In food sovereignty world, AFSA’s online forums about solidarity economies continue on Wednesdays. In case you missed the first two events (CSA and collaborative economies), follow AFSA on Facebookor sign up to their newsletterto here about upcoming sessions.

How to Buy Tellurian Fruit Gardens Products

The fruit season is over until mid Nov 2020. Preserves will be available at the weekly market stall in Castlemaine or online.  CSA shares will be available Aug/Sept. The HOFC newsletter is the best way to receive updates on CSA, Farmers Markets, weekly specials, Pick-Your-Own and Farm Shop hours. Or you can find us on social media @tellurian_fruit.

Gung Hoe Growers

The morning wind spreads its fresh smell.
We must get up and take that in,
that wind that lets us live.
Breathe before it’s gone.

Gung Hoe Growers

Frosty mornings, sparkling glittering landscapes that transform into blue sky and sun ray filled days are the flavour of winter thus far. Cool crisp nights and short days full of warm sun to thaw the delicates and encourage small amounts of growth. Occasional greys and rains and then back to the glorious sun…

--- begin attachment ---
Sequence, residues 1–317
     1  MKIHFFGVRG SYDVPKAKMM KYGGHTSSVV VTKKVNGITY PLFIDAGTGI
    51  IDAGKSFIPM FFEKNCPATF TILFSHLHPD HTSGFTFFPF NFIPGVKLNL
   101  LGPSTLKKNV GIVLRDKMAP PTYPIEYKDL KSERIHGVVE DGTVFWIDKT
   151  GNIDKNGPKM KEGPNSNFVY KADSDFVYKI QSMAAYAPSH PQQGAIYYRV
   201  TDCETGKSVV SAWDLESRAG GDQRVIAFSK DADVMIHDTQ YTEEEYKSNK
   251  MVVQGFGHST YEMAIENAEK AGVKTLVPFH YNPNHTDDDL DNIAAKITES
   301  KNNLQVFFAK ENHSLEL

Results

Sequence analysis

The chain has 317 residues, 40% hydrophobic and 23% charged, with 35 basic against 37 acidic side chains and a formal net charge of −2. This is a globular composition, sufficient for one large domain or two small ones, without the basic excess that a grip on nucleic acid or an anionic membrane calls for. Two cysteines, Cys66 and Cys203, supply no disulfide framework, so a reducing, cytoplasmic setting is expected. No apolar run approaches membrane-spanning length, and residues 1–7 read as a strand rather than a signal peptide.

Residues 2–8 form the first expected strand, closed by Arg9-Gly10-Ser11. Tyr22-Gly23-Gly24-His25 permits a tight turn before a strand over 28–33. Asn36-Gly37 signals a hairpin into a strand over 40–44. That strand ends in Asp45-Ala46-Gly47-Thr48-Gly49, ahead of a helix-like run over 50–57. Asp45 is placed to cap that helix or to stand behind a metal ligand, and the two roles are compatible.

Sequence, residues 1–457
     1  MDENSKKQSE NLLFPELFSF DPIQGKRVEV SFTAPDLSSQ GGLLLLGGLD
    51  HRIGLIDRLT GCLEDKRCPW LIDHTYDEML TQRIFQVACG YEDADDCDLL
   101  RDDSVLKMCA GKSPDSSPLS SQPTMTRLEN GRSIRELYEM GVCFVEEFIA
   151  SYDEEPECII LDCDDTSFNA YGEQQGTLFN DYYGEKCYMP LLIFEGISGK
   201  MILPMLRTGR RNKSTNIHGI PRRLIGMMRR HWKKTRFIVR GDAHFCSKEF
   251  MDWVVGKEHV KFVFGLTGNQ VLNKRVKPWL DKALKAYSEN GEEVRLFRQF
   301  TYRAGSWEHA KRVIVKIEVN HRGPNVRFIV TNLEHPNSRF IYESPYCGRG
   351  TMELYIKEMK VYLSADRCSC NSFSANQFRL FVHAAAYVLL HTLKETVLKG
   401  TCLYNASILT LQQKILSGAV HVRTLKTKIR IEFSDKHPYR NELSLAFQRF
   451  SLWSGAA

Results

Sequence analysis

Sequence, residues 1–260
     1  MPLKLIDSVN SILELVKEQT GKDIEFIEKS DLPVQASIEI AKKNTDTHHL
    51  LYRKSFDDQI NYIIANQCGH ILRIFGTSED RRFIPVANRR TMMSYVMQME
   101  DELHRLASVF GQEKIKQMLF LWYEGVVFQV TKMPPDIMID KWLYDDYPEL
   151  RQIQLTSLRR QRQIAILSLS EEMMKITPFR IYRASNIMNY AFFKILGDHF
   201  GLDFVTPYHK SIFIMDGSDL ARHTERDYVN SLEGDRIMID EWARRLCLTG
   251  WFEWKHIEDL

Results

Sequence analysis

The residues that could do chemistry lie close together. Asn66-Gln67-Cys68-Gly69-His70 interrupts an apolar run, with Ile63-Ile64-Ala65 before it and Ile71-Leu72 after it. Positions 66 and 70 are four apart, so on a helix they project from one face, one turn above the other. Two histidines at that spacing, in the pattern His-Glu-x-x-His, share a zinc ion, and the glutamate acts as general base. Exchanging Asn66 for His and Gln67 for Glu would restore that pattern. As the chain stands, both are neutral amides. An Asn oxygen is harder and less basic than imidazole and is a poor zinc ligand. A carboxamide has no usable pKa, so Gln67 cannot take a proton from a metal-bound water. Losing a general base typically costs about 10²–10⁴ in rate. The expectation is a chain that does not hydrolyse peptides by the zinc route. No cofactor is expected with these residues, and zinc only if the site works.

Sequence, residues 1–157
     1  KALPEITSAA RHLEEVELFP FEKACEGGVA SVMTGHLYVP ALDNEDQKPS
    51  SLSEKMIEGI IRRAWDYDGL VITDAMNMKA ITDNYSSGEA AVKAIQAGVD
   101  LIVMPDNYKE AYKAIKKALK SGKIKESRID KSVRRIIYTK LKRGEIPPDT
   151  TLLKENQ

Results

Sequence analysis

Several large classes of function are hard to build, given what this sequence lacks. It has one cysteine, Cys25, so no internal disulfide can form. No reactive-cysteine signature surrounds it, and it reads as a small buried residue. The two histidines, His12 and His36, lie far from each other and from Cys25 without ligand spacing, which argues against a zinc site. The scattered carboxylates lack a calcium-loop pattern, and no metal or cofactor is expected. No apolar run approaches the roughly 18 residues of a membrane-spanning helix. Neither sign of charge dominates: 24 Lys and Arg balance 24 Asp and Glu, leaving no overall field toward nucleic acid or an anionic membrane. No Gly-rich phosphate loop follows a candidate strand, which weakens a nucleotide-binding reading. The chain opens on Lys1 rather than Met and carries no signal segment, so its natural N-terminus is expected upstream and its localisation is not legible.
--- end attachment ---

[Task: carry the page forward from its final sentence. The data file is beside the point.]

Well you never do know what life s going to throw up and seems like this year is the year for all sorts of 

surprises…on the one side challenging and on the flip side, lots of opportunity for growth, creativity and re-imagining. Things are moving slowly for us now. Not out of lack of endless ‘to do’ lists and exciting projects but because of what life has thrown us. May saw us celebrate the end of the intensity of the Summer/Autumn harvest, Mel and I both celebrated our May birthdays with a week off each. Since then, the reality of the long, hectic and physically intense season has taken its toll on us in different ways. For me (Sas), horizontal has become the perspective from which I’m viewing the world the past three weeks. I’m back to basics, learning how to breathe again and care for my most important tool, me. Injuring my back has been an unescapable reminder that what we strive to create and live outwardly we also have to nurture within ourselves.